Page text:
Paralyzed Veterans of America awarded The John F. Kennedy Center for the Performing Arts with one of its highest and most prestigious honors, the Barrier-Free America Award. Bestowed to the Kennedy Center for their endless commitment to accessibility, the award recognizes exemplary accessible architectural design projects and the amazing people behind them.
“The Kennedy Center demonstrates what accessibility and inclusion is supposed to look like,” said Charles Brown, National President of Paralyzed Veterans of America. “They surrounded themselves with a community of experts and asked the right questions, included innovative details into every renovation, and spent the time to get it right – and THAT is the very essence of what our Barrier-Free America Award is all about and why PVA is so proud to call them a long-time partner. It is also the reason why they lead other performance venues around the world by example when it comes to accessible design.”
Opened to the public for more than 50 years, the Kennedy Center’s roots to accessibility date back decades. Their approach to accessible design is not only holistic but also inclusive – welcoming every patron and performer regardless of one’s visible or invisible limitation. From their first accessible renovation project (at the Concert Hall) to their most recent one (at the REACH), virtually every turn and touchpoint throughout the 17-acre, 1.5 million square foot facility is fully accessible. From their garages, visitor desks and foyers to their removable armrests, restrooms and theaters (to include each of their backstage areas, dressing rooms, and cell phone charging stations), the Kennedy Center left no stone to accessibility unturned.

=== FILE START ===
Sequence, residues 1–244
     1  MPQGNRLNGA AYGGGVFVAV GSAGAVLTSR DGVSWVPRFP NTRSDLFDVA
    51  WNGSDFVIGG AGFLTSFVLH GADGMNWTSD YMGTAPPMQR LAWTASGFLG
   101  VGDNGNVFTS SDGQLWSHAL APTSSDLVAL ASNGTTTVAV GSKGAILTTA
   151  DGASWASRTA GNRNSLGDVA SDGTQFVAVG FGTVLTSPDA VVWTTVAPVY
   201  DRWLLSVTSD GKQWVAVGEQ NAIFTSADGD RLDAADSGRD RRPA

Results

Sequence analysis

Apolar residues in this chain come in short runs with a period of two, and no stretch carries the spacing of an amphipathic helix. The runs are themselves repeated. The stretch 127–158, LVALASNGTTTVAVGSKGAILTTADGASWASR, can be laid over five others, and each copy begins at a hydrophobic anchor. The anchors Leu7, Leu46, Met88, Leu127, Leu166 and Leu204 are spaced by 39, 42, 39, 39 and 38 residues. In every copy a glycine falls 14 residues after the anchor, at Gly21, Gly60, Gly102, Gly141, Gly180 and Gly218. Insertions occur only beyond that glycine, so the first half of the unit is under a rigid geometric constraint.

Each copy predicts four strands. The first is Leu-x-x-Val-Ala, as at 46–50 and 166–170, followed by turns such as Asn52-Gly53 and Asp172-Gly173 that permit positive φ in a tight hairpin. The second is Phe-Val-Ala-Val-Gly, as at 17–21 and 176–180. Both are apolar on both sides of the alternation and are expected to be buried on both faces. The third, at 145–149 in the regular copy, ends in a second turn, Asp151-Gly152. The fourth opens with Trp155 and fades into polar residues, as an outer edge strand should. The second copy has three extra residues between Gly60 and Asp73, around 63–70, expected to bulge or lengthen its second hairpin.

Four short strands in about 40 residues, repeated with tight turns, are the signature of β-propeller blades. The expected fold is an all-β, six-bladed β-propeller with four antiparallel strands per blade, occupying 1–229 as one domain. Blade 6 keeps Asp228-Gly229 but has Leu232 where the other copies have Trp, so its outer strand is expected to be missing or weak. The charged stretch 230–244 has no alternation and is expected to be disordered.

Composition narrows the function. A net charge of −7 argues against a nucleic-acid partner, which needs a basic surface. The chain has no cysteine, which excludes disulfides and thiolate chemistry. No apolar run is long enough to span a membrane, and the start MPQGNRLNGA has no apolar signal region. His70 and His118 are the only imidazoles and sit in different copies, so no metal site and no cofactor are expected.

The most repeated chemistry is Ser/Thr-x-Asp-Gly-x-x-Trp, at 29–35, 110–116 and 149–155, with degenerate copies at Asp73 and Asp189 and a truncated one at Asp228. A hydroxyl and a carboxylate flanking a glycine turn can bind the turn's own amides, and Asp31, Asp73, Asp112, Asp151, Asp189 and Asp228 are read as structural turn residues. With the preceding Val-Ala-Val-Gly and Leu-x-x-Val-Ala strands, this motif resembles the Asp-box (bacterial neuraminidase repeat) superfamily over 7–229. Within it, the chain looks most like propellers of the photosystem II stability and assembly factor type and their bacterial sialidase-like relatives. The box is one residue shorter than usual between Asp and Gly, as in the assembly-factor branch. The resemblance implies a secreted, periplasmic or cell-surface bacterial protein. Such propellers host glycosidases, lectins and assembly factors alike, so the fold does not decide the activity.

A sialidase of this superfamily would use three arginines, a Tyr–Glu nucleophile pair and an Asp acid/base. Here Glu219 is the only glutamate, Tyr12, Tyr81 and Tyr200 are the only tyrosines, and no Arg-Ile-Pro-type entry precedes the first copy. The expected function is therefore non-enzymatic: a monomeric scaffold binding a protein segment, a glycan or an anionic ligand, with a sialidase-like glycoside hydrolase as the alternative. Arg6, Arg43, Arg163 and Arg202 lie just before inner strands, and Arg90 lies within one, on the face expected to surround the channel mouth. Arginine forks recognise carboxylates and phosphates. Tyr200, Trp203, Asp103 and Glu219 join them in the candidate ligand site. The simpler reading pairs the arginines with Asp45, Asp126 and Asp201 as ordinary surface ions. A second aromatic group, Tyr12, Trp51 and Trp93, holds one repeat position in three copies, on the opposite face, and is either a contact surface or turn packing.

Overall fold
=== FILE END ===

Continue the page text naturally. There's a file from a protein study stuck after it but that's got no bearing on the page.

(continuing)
“As the Nation’s Cultural Center, we believe that all persons have the right to experience, explore, and engage with the arts,” stated Deborah F. Rutter, President of the John F. Kennedy Center for the Performing Arts. “As the building’s spaces and theaters have undergone renovations, it was important to us to ensure experts in the field of accessible design and persons with disabilities were included in the conversations. This was an opportunity for us to show respect to our artists and audiences by modeling accessibility for the nation. It is an immense honor to receive this award and we continue to value our longstanding relationship with PVA.”
In 1946, PVA’s founding members came home from World War II unable to fully access the country they had just returned from defending. Barriers to their independence were everywhere: from workplaces, sidewalks, and stores to restaurants, entertainment venues, and even their homes. Today, PVA’s Department of Architecture helps fill that void. PVA architects advise on accessible design projects, from public buildings and stadiums to memorials and other structures. They develop building codes and standards for building designers, developers, facility owners, and contractors nationwide. They also educate people with mobility impairments and the community about accessible design through consultations, seminars, and publications.
To learn more about the PVA Barrier-Free America Award and past winners like, Bob Vila, the Ronald Reagan Washington National Airport, and the Virginal Governor’s Mansion, visit Paralyzed Veterans of America.
[Source(s): Paralyzed Veterans of America, PR Newswire]